What and How You Eat Affects Your Odds for Type 2 Diabetes
The kind of foods you eat, and even the order in which you eat them can affect your odds of developing type 2 diabetes, three new studies suggest.
The studies -- being presented to the American Society for Nutrition -- found:
- Switching to a mostly plant-based diet (but one that could still include meat and dairy) could reduce the risk of type 2 diabetes by as much as 60%.
- Eating greater amounts of vitamins B2 and B6 was linked to a lower risk of type 2 diabetes, while getting more B12 in the diet seemed to be associated with a higher risk of type 2 diabetes.
- The order that you eat your foods appears to matter. People who ate vegetables before having meat or rice had lower blood sugar levels, along with positive changes in their hunger hormones.
Dr. Rekha Kumar, an endocrinologist at NewYork-Presbyterian and Weill Cornell Medical Center in New York City, reviewed the findings.
"Emphasizing fruits and vegetables and whole foods is a very practical and easy way to manage type 2 diabetes," she said. "Half your plate should be green, even at breakfast, when you could have an egg white omelet with spinach for example."
As for the sequence of eating, Kumar said vegetables, high-fiber foods and even protein take longer to leave the stomach, which slows down the rise in blood sugar levels.
"Theoretically, changing the order you eat foods could have implications on weight and appetite control," she said.
The first study included more than 2,700 people recruited at an average age of 25. Forty percent were black and nearly 60% were women. Their health and diets were followed over 30 years.
People who made the greatest improvement in dietary quality from early to middle adulthood cut their odds of diabetes by almost two-thirds compared to those whose diet quality declined slightly, the study found.
What constitutes a quality diet? Researchers said it's one that contains more "nutritionally rich, plant-centered" foods.
The study's lead author, Yuni Choi, a doctoral candidate at the University of Minnesota-Twin Cities in St. Paul, said a plant-centered diet is high "in natural plant foods, low in highly processed plant foods and generally low in animal-based foods."
So, vegetables, fruits and whole grains get a thumbs-up, but white bread and white rice get low-quality scores. Choi said this type of diet can include some lean meat and low-fat dairy.
On average, those who improved their diets the most ate four or more servings of vegetables daily, two servings of fruit, 1-1/2 servings of nuts or seeds, nearly two servings of whole grains, less than one serving of processed meat and about one serving of red meat, Choi said.
Choi and her advisor and co-author, David Jacobs, think the diverse nutrients found in plant foods help to prevent diabetes.
'B' gets an A for health
The second study looked at dietary data from about 200,000 American adults over 15 years.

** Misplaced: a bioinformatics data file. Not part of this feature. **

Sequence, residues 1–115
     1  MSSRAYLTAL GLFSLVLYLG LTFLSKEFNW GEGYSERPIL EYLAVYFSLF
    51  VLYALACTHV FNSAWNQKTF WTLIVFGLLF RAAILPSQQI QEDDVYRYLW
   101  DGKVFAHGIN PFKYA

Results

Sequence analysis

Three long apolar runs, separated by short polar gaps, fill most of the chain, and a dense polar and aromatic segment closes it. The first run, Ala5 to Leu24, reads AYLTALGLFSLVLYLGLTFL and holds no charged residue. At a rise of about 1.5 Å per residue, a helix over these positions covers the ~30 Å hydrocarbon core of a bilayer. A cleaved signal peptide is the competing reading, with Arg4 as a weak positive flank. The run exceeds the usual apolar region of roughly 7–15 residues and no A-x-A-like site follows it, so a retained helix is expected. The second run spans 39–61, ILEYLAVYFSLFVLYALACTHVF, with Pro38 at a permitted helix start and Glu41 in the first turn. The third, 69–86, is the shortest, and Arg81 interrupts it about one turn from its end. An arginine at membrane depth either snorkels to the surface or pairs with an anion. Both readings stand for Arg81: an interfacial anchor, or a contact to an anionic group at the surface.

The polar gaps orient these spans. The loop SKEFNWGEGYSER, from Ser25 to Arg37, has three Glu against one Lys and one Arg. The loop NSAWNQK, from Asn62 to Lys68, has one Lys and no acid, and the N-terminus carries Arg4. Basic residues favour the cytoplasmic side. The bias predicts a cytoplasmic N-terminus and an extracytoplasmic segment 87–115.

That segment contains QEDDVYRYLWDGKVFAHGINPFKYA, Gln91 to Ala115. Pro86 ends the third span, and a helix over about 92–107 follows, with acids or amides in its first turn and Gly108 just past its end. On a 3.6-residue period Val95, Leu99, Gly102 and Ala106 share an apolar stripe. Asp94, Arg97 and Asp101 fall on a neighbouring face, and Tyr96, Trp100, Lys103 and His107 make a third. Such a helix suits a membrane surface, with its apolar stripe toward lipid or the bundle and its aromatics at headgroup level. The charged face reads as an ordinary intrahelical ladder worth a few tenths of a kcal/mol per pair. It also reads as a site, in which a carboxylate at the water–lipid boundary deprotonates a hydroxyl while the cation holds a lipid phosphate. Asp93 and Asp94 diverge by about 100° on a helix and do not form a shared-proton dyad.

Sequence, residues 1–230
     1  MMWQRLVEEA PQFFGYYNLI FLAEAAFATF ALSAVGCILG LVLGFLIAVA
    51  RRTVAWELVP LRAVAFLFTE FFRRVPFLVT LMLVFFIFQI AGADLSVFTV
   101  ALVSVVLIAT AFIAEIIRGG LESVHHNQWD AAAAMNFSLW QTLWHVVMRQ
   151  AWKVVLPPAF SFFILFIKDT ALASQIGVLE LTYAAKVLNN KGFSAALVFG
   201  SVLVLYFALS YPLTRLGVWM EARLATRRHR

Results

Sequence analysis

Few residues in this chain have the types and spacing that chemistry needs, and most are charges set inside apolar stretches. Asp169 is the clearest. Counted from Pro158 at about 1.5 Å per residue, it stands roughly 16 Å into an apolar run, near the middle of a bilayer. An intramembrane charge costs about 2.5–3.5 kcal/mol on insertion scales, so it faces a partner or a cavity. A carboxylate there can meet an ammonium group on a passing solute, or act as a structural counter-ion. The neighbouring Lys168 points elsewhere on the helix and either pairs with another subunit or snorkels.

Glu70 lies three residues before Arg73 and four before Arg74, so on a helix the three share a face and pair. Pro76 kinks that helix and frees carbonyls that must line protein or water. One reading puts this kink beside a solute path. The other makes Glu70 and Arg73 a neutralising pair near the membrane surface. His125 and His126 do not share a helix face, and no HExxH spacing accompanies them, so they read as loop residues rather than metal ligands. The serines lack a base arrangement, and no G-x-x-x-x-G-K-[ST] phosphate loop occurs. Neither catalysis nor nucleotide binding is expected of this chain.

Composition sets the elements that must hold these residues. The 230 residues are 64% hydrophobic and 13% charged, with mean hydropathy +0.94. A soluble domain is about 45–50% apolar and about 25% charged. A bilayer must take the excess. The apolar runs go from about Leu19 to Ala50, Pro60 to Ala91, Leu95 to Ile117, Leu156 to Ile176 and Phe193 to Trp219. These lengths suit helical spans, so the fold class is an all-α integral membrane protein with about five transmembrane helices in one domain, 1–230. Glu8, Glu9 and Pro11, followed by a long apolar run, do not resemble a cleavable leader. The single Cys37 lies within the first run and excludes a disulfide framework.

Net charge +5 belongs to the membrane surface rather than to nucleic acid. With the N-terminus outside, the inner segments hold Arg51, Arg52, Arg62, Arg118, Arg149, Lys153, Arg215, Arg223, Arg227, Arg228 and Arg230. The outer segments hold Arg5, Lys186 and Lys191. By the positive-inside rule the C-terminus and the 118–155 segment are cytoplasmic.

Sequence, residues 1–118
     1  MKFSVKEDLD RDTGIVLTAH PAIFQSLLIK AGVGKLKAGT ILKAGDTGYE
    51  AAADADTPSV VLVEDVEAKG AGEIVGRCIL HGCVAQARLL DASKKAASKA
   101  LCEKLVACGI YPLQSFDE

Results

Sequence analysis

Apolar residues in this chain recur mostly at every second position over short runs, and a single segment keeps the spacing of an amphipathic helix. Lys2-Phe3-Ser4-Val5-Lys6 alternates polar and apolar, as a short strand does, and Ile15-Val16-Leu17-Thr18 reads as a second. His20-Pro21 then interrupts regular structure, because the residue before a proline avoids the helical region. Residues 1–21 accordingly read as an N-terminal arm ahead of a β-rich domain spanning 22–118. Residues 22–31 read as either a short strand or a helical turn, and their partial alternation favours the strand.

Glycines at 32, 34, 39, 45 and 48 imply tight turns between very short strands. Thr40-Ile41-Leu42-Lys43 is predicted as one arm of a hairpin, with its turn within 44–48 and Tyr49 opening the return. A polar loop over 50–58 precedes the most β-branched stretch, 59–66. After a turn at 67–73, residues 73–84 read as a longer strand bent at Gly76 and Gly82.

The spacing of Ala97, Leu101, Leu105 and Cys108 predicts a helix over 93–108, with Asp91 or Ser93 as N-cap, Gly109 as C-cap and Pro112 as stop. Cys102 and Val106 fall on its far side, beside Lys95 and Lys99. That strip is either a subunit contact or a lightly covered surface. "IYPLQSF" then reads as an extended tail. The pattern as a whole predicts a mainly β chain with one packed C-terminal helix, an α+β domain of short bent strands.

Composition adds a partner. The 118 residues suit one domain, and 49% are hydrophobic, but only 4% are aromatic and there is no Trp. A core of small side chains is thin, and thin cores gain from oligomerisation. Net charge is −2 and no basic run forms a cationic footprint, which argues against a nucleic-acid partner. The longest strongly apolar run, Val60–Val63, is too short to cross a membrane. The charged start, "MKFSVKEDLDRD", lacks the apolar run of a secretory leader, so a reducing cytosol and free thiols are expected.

People who had the most vitamin B2 and B6 had a roughly 10% reduction in their diabetes risk. B2 is found in eggs, lean meat, green vegetables and fortified grain products such as cereals and bread, according to the U.S. Department of Agriculture. B6 is found in fish, lean meat, fruits (other than citrus), and potatoes and other non-starchy veggies.
Though total vitamin B12 intake wasn't linked to a higher risk of type 2 diabetes, the odds rose 11% when researchers looked solely at B12 from food sources. They found no similar increase in diabetes risk from B12 in diet supplements. They said this may be because B12 in foods often comes from animal products.
The third study found that the order in which you eat can affect your blood sugar levels. Researchers asked 16 Chinese adults, mostly men, to eat five experimental meals in a set order. The meals contained a vegetable, meat and rice, and portion sizes stayed the same.
Overall, the smallest spike in blood sugar levels resulted when vegetables or meat were eaten first. The meal with vegetables, meat and rice eaten separately, in that order, led to a lower increase in blood sugar and a favorable response in appetite hormones.
"The way we eat and present food to our mouth may have significant physiological effects," said study author Christiani Henry, director of the Clinical Nutrition Research Center at Singapore Institute for Clinical Sciences.
Henry said fiber and other nutrients in vegetables appear to slow the transit time of food, which may also slow the rise in blood sugar levels after eating.
Eating vegetables first is "a simple, practical way to reduce blood glucose rise when eating rice," he said. Henry added that more research is necessary to see if similar changes would help control blood sugar spikes for foods eaten in places like the United States.
The three studies were scheduled to be presented between Saturday and Tuesday at the American Society for Nutrition meeting in Baltimore. Research presented at meetings is typically seen as preliminary until published in a peer-reviewed journal.
Read more about nutrition and diabetes from the U.S. National Institute of Diabetes and Digestive and Kidney Diseases.
SOURCES: Rekha Kumar, M.D., M.S., endocrinologist, NewYork-Presbyterian and Weill Cornell Medical Center, New York City, and medical director, American Board of Obesity Medicine; Yuni Choi, Ph.D. candidate, University of Minnesota-Twin Cities, St. Paul; Christiani Jeyakumar Henry, Ph.D., director, Clinical Nutrition Research Center, Singapore Institute for Clinical Sciences; June 8-11, 2019 presentations, American Society for Nutrition meeting, Baltimore
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